Income Policy


Current average pensioner incomes are growing faster than average earnings, but it is unlikely that the increases in spending power will continue in the future.
The average increases have largely been as a result of larger increases in incomes of the top three fifths of older society. ; Those in the bottom 40% of pensioner income have not shared in the general growth of purchasing power.
Spending power continues to increase among older women, although from a very low base.
69% of pensioners receive at least half their income from state pensions and benefits.
Nearly 60% of pensioners are now entitled to claim means-tested benefits
Government policy and the current financial uncertainty causes concern for today’s workers when considering their savings options for retirement.
Age Concern Scotland’s Income Policy

Older people should have an adequate income in work and in retirement. Our income policy work aims to:

ensure that all older people should have an income which is sufficient to cover essential items such as food, warmth and housing
enable older people to have full economic and social participation in society, including the ability to exercise choice in spending patterns.
Our view is that adequacy can be defined using research on budget standards, which Age Concern has commissioned through the well respected Family Budget Unit. The budget standards look at the expenditure of older people in great detail, in order to answer the question about adequacy.

We have defined two separate standards:

The ‘Low Cost but Acceptable’ standard – set at £90 in 1999, and currently around £109 at today’s prices, which is the minimum that older people should live on for a prolonged period. We believe that the basic state pension should be at least this rate.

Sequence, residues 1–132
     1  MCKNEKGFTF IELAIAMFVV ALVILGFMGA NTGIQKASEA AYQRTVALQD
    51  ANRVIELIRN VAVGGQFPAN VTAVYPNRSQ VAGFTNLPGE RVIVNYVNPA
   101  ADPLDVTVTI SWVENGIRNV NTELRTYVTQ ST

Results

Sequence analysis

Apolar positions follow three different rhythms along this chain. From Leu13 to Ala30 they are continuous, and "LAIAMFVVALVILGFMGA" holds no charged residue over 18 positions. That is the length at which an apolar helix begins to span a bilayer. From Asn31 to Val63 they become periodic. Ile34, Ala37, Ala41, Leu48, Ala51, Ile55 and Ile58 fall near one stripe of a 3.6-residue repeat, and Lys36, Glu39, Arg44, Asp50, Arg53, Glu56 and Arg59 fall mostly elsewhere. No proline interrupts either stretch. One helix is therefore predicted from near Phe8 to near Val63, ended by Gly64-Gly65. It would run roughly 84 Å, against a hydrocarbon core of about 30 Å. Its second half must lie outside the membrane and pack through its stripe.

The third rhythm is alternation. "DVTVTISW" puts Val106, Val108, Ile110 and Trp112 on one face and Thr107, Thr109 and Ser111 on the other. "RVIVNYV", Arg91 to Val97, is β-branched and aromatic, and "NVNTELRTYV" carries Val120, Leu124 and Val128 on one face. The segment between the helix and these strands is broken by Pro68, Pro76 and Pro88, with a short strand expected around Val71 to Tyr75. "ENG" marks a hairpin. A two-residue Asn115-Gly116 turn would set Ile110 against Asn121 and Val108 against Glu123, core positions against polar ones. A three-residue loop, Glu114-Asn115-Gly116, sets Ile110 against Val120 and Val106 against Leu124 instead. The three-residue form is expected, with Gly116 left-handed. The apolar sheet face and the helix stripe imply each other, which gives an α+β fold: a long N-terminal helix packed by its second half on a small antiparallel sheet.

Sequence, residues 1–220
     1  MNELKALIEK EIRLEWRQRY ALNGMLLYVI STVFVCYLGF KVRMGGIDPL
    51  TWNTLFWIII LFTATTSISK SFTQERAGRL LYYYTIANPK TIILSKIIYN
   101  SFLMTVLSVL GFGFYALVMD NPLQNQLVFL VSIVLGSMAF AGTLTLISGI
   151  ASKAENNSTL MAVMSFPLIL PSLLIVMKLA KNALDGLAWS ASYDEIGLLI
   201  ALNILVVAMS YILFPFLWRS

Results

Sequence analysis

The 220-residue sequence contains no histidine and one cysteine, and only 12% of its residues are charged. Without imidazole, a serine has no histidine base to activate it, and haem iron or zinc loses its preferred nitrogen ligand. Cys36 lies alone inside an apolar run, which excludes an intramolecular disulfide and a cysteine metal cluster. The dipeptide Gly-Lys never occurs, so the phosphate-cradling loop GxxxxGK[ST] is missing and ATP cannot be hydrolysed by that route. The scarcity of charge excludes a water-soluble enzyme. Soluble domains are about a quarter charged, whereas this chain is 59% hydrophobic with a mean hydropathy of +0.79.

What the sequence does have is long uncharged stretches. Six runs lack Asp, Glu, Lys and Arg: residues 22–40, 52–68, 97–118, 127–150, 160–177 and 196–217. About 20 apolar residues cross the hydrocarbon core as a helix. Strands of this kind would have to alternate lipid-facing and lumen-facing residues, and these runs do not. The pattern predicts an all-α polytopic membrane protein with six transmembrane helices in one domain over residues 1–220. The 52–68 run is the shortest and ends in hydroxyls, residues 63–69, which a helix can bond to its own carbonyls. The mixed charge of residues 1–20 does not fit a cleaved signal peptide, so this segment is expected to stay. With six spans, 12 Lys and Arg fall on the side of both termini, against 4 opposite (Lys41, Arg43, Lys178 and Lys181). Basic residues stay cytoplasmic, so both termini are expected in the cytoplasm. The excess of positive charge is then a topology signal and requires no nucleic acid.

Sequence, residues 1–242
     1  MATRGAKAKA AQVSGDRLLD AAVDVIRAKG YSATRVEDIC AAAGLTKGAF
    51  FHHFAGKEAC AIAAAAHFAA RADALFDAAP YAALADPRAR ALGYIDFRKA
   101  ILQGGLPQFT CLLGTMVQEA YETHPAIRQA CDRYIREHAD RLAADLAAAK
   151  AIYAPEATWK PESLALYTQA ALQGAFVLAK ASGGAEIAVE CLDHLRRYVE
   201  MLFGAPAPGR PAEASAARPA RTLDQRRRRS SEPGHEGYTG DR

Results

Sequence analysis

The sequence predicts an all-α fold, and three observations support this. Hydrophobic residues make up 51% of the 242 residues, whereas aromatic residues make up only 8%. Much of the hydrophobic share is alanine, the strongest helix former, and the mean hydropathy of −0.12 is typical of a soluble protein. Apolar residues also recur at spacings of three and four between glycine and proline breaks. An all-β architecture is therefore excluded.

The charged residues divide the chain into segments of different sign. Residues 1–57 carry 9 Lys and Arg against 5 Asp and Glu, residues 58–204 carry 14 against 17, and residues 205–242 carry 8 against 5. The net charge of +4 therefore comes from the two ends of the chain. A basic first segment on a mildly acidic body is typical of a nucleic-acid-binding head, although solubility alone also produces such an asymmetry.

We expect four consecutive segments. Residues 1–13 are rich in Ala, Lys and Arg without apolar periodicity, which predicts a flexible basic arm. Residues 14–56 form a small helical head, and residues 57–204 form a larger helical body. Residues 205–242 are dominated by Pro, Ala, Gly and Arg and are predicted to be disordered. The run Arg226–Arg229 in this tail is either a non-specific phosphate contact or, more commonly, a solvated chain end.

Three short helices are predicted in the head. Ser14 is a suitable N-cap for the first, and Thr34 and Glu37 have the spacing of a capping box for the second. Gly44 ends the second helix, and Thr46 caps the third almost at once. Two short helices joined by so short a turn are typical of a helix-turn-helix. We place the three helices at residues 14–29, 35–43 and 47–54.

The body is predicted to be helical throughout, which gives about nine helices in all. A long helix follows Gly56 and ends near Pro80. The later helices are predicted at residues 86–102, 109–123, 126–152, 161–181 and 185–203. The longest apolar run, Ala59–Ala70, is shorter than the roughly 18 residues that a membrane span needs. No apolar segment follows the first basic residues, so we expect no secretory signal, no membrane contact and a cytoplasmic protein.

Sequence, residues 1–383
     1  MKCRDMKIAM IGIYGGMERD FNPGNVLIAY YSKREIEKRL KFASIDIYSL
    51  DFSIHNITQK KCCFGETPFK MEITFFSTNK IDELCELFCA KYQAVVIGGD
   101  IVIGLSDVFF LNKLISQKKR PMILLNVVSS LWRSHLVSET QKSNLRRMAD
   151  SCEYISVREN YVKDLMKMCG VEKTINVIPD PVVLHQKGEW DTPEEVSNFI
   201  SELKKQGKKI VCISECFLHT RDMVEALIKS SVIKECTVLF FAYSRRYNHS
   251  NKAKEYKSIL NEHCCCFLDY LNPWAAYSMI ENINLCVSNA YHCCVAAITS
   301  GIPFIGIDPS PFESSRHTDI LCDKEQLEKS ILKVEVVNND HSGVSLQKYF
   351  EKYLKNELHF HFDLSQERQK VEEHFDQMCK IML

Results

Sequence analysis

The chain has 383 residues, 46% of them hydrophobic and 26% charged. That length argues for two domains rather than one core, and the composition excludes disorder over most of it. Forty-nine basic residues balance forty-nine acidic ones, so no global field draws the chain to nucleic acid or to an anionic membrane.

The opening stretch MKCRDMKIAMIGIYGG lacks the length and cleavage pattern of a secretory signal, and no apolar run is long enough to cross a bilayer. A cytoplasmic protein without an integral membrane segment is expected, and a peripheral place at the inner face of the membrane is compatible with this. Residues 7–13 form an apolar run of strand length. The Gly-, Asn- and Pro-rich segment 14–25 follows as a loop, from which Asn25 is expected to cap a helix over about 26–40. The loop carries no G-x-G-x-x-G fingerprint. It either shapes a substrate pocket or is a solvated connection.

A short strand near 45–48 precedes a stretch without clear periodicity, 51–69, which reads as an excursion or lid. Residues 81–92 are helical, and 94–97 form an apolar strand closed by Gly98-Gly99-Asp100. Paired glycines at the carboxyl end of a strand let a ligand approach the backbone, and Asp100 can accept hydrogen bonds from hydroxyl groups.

The ‘Modest But Adequate’ standard -around £165 at current prices. We believe every person should have a right to achieve this level of income in retirement through a combination of state and private income – be it occupational pensions, income from savings, or other sources.
Basic state pension

The basic state pension should be set at a level sufficient to cover basic costs, uprated annually to ensure that pensioners benefit from the increasing prosperity of the nation.

In addition, there should be greater coverage for people with limited working lives such as women and carers, and where appropriate, for people who have lived abroad.

Pension Credit

We welcome the increases in support available to older people, and we are hopeful that the reforms of the Pension Service will result in a higher level of income for older people through increased benefit take up.

However, the Pension Service will never be able to get all the money to everyone entitled as long as they are using means testing to distribute income. There will always be people entitled to benefit who do not claim. At the moment, the numbers of people entitled to make a claim but not doing so are estimated at between 30-50%, dependent on the benefit. Almost a third of those entitled to claim Pension Credit do not do so.


Information is a crucial aspect of life for older people, and information about financial matters is the most important part of that. Great changes occur to income at retirement, and the changes to benefits for older people mean that effective information giving is vital in ensuring older people have all the income that they are entitled to.

Although work is being done to make the Department for Work and Pensions more acceptable to older people, and we welcome the more active role that the Pension Service has in giving information to older people, they are not the most appropriate body to give independent advice and information.

Age Concern Scotland views a strong, independent, information-giving sector as being of paramount importance in the fight against pensioner poverty.

Income in old age is of vital importance to older people. It influences older people’s choices in retirement, health and well-being. Poor incomes in retirement mean that older people have fewer choices, die sooner and play a less active role in society.